Cape Town - One of the big attractions at Oppikoppi 21: THE FANTASTIC Mr. VOSVOS is Scottish band Twin Atlantic.Coming off the success of the band's The Great Divide (Red Bull Records) album, released last year, bassist, piano player and backing vocalist Ross McNae took some time out from the band's busy schedule to tell us why they decided to come to South Africa.
C24: What attracted Twin Atlantic to play at Oppikoppi?
Ross: People had been getting in touch asking us to come and play in South Africa on and off for a couple of years, and then when our last record came out we kept noticing people getting in touch with us online to say they had it and wanted to see us play so it was a no brainier when we got the offer to come and visit this summer. C24: What are your expectations of South Africa ahead of your trip south?
Ross: First and foremost we're just excited to be coming to play music in a beautiful country we've never visited before. I learned a lot about your history when I was at school and it's always been a place I've wanted to experience first hand rather than just from books. I've been to Africa before and music seemed to be in the bones of so many of the people I met.
C24: I read in a previous interview that Twin Atlantic played in a 1000-person venue to 5 people in St Louis once. How does it feel to have become as successful as you are today?
Ross: Things have been going well for our band over the past few years. More people have been coming to see us play and that's why we started a band in the first place so it's a really positive place for us all to be in our lives. We're really grateful for that.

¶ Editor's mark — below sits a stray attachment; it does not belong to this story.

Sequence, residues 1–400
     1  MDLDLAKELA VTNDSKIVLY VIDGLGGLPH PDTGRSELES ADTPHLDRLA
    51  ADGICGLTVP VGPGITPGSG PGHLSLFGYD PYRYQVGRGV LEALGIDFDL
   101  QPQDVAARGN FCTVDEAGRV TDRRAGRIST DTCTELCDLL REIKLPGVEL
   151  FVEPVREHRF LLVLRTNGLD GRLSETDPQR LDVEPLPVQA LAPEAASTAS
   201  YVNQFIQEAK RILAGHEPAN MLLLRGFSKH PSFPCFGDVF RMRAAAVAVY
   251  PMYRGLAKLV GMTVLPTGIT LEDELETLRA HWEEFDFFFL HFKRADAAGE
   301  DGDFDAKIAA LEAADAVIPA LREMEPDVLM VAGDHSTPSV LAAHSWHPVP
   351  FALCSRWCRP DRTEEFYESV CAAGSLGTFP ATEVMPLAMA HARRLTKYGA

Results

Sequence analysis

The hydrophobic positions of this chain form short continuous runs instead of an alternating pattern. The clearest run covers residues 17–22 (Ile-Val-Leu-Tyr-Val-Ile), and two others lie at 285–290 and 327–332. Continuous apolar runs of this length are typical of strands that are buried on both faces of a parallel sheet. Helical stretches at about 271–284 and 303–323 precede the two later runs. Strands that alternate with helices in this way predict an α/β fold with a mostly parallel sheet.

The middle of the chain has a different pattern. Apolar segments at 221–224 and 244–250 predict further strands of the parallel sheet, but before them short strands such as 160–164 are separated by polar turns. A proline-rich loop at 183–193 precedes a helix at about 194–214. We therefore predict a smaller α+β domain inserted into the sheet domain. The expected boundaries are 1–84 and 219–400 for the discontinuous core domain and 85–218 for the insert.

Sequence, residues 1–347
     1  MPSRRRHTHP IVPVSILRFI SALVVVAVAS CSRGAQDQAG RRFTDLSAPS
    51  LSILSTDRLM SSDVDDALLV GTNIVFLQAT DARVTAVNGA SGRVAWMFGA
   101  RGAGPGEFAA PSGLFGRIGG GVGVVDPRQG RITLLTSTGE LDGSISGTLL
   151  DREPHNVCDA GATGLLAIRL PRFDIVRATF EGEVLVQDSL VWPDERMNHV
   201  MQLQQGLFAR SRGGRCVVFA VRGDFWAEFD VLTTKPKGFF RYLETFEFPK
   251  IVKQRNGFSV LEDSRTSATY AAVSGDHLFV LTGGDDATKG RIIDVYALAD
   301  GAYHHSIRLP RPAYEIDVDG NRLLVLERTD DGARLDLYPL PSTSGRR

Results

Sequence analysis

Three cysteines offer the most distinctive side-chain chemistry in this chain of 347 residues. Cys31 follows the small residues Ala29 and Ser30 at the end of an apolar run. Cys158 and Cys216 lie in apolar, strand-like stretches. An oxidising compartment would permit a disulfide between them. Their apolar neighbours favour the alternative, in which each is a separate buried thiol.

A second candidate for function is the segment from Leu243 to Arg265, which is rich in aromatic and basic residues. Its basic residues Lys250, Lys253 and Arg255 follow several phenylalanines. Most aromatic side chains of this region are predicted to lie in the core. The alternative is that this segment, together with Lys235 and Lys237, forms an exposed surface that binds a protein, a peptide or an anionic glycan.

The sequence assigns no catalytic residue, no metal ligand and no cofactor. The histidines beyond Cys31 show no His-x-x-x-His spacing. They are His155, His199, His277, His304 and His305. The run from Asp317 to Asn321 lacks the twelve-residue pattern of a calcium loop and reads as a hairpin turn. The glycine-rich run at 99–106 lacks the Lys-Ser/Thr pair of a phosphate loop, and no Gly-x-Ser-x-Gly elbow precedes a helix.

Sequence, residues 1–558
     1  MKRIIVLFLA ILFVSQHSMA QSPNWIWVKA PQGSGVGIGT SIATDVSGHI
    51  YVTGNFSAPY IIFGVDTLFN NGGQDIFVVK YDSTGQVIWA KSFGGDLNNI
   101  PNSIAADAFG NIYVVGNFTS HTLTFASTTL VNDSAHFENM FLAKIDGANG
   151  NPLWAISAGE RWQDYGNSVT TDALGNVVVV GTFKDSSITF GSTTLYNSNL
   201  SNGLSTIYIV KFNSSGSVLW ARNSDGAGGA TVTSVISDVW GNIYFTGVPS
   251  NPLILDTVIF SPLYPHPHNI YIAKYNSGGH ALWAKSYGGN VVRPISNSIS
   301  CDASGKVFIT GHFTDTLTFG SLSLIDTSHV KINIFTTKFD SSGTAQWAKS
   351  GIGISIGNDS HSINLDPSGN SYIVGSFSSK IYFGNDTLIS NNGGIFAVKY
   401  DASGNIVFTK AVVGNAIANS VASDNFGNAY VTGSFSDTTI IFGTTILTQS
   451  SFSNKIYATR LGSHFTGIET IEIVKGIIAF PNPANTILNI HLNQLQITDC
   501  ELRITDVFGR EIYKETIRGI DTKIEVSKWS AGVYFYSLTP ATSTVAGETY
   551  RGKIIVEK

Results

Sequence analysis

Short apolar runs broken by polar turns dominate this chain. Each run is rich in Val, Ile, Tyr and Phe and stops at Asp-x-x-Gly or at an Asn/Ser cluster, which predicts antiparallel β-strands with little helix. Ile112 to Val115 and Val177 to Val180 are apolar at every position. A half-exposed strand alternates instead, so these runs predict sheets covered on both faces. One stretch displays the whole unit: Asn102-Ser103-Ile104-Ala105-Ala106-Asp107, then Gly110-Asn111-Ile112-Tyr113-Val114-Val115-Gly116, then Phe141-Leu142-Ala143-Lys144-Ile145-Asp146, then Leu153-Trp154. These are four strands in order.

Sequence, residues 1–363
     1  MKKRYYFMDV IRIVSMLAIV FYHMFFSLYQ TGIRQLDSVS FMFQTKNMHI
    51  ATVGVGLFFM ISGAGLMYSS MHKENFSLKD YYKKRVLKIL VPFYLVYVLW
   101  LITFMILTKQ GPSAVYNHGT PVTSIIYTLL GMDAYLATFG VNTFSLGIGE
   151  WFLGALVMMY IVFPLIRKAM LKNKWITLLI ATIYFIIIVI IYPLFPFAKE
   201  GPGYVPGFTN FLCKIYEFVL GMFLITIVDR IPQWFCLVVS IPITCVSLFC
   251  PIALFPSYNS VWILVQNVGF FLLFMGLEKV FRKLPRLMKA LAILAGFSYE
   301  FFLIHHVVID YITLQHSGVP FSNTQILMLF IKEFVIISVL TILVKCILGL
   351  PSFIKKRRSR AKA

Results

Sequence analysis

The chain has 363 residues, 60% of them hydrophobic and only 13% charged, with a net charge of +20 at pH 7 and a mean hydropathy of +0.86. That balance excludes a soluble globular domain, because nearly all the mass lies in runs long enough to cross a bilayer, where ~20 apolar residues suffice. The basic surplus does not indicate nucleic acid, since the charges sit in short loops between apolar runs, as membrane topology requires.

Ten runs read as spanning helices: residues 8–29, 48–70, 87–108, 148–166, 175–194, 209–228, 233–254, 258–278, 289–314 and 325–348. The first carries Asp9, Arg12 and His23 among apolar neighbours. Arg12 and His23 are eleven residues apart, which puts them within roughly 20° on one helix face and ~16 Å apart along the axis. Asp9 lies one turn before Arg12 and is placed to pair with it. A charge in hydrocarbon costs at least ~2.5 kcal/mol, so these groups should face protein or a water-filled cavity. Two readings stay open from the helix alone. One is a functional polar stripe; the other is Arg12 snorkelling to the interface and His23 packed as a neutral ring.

C24: You played at Glastonbury at the end of June, while also playing several shows around Europe before coming to South Africa. Do you adapt to different audiences based on where Twin Atlantic are playing, or do you bring the same attitude and style to each performance?
Ross: We really work off the energy in the room and if people are excited then we're excited too. Playing music is all we've ever wanted to do so we always start a show on a high, no matter if there are 100 people or thousands. C24: You're with an independent record label Red Bull. What are the pros and cons of being with an independent record label at this point in Twin Atlantic's career and development?
Ross: Well, we've never had any other record deal so I honestly couldn't say if it was better or worse. Obviously if you're on a major label you have people in every country in the world ready to work and break your band, but you're also one of a hundred bands rather than five, so it probably ends up being pretty similar for the most part.
C24: I've read in a previous interview that yourselves and Biffy Clyro know each other. They toured South Africa last year. Had a chance to speak to them about what to expect?